Everyone at fault, except us
In the national interest
Monday, December 15, 2008
by Kamal Siddiqi
The writer is editor reporting, The News
One can only wonder at the collective amnesia that Pakistanis suffer, and how the various quarters are quick to exploit our insecurities. One look at our television chat shows makes you wonder which world we live in, or, better still, which world those commentators want us to live in.
It is time that some national debate starts on the role of the electronic media in Pakistan. We cannot continue to be misinformed and misguided—the consequences for us are dire. We need some informed debate. Currently most of us are shooting in the dark.
As a nation, it is time for us to do some soul searching. Why is it that everything that goes against us becomes a conspiracy? There is always an explanation for incidents, events and happenings. The Marriott blast took place because there were Marines on the premises. Such insensitive talk only heightens the trauma for those who have lost their near and dear ones.
But we are never able to blame those who are responsible. Take, for example, our economy. If our economy falters, we do not blame the leadership—whether civilian or military. This leadership, in most instances, is responsible for misappropriation of large amounts as well as spending in the wrong places. There is money for foreign trips but not for paying the oil-marketing companies.
As Pakistanis, we don’t ask our enlightened leadership why they are shy of taxing the rich and powerful. Why is it that all Pakistanis suffer by paying high indirect taxes when what we need to do is widen our direct taxes base? When will we not bow to pressure and have a national tax register that is both representative and comprehensive.
Why does the powerful landed gentry get away without paying its dues? When was the last time we had a debate on the tax structure in Pakistan that outlined what needs to be done. We do not take to task our bureaucrats—most of whom interpret rules to harass and harangue and earn an extra buck.
Why is it that we are unable to identify corrupt government officials and take them to task? When was the last time we took a bureaucrat to the cleaners? It seems that the only people our anti-corruption machinery targets are political opponents of the government in power.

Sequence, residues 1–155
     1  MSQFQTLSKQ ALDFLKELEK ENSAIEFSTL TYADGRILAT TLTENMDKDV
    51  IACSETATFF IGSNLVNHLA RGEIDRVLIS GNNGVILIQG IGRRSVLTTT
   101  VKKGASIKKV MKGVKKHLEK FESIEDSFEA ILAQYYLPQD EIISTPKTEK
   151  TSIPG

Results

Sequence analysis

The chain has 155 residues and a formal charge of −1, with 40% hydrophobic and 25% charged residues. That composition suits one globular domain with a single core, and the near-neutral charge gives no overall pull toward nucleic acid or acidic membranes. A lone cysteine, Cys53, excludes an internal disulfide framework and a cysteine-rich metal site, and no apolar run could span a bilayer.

No one points a finger at our business community—a significant portion of which cheats on taxes, steals power and bribes officials to have its illegalities overlooked. Our business community under-invoices and cheats on duties. Pakistan may be the only country where containers are “smuggled” through ports after the relevant officials have been paid off. Corruption is not just rife in Pakistan, it has taken the form of an epidemic.
And yet, ask the man on the street as to who is behind Pakistan’s economic crisis, and he happily blames the IMF and says it’s a Jewish conspiracy. Nothing can be simpler than that. When will we ever get out of the tendency of blaming everyone else but ourselves?
Take the current debate on the Indian charge that Pakistan is the epicentre of terrorism. And the declaration of the Jamaat-ud-Daawa as a terror organisation. We are told on the media that the Jamaat-ud-Daawa is in fact a welfare organisation which is running schools, computer centres and madrasas. No one is willing to talk about the link with the Laskhar-e-Taiba. No one questions what the source of this organisation’s funding is. There is no debate. It’s all a conspiracy. Case closed.
The level of discourse had dropped to new lows. Led by people of the callibre of Shaikh Rasheed and Hamid Gul. One can only wonder whose side these gentlemen are batting on. From an outside view, it seems that Pakistanis are not only in self-denial, they are also a nation of war-mongers led by a government bordering on the neurotic.
We made the same mistake with the Lal Masjid issue. At that time, the role of Chaudhry Shujaat and Ejazul Haq were both murky and self-serving. The two gentlemen played a double game. As a nation, we are riddled by these closet fundamentalists who play to both sides. The consequences are borne by the common man.